The scenario of transfer of the power consists of three phases. The first were the changes in the political system, which gave Nazarbayev the prestigious title of the ‘Leader and Father of the Nation’ and the lifetime personal and property immunity (also extending to his family members). Electoral rules were also changed for the event of resignation of the President before the expiration of his term of office. In such case, the acting head of the state, the President of the Senate, would be able to rule without the need for an early election until the end of the term (that is three years). The second phase is the pacification of all independent environments, which would in turn ensure the ‘inner peace’ of the country – that is lack of criticism from the media and the opposition. The third phase are the personnel reshuffles, including the highest levels of authority. In autumn, the Prime Minister and the head of the Presidential Administration were dismissed. In January, the Chief of Staff of the Armed Forces and the Chief of the Internal Forces were replaced. Nazarbayev is replacing loyal, yet capable of creating own fractions, and therefore potentially dangerous subordinates, by new people, mostly connected with himself as his family and clan members. According to speculations, the successor to Nazarbayev (after taking the position of the Head of the Senate) is to be his nephew – Akhmetzhan Yessimov, the current governor of Almaty.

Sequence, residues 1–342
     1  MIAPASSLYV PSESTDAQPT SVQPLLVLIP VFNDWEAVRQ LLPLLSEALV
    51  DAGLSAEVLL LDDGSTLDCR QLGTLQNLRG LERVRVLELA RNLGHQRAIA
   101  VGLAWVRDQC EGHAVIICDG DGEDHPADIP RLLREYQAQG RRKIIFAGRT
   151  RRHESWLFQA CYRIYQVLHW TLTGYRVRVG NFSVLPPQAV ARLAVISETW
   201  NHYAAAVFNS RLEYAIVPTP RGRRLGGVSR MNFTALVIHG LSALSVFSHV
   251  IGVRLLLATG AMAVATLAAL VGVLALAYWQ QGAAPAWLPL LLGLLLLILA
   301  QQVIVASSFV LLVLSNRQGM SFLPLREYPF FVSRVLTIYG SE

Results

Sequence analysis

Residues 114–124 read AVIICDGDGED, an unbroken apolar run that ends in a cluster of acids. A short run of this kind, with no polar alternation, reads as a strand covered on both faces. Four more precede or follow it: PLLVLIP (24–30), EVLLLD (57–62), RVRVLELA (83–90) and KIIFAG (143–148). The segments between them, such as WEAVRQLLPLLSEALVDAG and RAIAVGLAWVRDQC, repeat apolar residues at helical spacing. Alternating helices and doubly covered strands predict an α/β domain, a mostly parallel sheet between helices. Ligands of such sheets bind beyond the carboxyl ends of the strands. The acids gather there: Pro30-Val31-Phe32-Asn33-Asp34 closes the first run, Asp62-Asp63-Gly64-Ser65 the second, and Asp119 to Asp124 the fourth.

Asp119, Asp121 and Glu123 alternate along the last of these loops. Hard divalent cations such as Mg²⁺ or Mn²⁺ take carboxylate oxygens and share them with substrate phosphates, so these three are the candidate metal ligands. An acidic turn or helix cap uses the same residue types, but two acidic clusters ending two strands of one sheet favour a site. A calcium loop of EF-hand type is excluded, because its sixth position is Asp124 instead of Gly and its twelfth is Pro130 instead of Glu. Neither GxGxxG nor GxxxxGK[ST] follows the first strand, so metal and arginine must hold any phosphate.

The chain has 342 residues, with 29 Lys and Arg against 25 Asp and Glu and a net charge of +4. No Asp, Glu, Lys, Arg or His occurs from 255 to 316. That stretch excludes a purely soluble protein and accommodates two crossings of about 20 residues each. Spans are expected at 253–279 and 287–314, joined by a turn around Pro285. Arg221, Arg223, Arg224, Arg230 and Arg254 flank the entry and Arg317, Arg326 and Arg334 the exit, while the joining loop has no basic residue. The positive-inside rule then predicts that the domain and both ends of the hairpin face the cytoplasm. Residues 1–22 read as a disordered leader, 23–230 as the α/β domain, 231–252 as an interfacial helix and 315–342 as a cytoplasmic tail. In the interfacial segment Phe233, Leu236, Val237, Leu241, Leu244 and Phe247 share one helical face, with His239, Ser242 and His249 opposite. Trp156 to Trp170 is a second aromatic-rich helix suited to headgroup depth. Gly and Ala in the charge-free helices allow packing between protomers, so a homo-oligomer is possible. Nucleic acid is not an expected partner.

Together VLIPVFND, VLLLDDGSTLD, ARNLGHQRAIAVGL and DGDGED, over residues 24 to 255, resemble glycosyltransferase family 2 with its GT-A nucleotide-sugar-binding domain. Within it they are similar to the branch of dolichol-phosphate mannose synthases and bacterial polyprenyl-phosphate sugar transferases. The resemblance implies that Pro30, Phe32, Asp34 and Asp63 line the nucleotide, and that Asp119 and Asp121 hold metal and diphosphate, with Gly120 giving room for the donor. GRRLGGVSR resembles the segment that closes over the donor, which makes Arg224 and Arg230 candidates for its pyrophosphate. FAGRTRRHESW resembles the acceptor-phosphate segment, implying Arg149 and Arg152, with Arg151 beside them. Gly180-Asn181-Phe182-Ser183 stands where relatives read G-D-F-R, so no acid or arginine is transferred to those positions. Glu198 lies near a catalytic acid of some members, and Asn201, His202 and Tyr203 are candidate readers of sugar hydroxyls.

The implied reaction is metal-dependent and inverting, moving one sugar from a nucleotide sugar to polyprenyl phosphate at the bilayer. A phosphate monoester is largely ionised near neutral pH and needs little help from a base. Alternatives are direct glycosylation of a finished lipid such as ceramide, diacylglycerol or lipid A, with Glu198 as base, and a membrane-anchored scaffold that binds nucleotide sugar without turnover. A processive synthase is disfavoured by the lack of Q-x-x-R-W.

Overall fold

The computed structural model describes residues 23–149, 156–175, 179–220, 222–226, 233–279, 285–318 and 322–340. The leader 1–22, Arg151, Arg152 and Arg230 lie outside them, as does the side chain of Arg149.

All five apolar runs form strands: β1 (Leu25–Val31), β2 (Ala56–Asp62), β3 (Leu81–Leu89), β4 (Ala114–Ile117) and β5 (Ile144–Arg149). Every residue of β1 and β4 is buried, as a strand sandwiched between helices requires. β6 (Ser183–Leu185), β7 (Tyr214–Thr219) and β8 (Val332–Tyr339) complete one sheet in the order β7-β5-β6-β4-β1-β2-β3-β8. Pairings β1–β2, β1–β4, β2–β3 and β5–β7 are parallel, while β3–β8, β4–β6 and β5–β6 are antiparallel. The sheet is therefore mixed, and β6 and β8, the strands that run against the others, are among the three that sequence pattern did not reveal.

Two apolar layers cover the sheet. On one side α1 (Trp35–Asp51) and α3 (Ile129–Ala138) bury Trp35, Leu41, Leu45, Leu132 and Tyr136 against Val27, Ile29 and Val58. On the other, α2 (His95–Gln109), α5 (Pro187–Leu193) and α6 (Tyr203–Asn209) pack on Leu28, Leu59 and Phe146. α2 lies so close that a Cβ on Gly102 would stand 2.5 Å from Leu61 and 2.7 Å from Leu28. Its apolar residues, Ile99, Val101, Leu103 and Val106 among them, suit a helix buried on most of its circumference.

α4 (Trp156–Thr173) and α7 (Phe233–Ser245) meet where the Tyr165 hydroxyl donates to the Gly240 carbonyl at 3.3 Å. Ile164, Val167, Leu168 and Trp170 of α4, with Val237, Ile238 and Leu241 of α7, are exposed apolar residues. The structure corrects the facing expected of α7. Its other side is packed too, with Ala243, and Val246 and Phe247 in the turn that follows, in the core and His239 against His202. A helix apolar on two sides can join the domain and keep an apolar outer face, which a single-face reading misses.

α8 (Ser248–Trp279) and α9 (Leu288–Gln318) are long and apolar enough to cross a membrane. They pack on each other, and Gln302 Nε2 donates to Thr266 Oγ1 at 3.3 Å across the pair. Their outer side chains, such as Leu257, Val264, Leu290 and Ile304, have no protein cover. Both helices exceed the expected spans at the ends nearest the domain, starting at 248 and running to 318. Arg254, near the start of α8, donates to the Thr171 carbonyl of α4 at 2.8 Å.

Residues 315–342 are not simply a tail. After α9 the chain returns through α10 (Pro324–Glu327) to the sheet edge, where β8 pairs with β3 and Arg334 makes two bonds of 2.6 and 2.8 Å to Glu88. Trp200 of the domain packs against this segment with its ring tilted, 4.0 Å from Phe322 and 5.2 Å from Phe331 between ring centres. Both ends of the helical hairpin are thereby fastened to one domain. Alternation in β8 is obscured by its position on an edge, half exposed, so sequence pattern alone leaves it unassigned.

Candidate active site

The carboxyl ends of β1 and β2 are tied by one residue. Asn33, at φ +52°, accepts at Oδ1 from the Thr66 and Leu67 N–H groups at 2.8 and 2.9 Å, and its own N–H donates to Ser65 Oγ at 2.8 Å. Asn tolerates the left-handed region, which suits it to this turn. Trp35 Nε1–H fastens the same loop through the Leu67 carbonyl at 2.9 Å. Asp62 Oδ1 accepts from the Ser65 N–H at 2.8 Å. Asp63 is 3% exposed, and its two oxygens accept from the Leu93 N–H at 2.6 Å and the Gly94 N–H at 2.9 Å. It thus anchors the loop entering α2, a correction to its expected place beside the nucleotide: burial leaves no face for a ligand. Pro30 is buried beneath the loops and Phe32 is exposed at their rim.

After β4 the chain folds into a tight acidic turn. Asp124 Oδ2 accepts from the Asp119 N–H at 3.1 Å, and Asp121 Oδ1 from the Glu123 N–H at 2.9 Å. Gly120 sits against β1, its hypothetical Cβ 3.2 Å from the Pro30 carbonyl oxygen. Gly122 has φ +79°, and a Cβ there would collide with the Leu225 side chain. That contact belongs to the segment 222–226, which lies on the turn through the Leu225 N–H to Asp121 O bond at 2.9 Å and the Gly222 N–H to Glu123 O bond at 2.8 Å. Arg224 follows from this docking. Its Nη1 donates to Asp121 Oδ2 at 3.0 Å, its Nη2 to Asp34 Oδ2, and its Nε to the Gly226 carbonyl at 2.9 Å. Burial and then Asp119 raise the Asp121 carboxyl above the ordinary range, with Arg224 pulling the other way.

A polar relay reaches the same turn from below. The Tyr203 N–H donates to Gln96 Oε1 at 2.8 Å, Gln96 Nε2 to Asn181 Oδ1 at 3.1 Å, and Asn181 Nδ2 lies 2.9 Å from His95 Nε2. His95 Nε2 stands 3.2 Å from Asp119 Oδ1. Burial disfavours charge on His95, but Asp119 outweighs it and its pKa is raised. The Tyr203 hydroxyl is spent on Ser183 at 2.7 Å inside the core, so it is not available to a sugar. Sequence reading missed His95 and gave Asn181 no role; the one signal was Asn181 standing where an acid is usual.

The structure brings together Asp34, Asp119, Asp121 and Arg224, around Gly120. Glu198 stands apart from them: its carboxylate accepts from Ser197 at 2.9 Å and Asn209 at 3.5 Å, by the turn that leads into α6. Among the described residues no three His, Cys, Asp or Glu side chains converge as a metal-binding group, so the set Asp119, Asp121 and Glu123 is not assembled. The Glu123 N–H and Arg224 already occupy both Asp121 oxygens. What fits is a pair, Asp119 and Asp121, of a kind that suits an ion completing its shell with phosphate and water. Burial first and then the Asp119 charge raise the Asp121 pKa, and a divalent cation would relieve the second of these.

By their fruits ye shall know them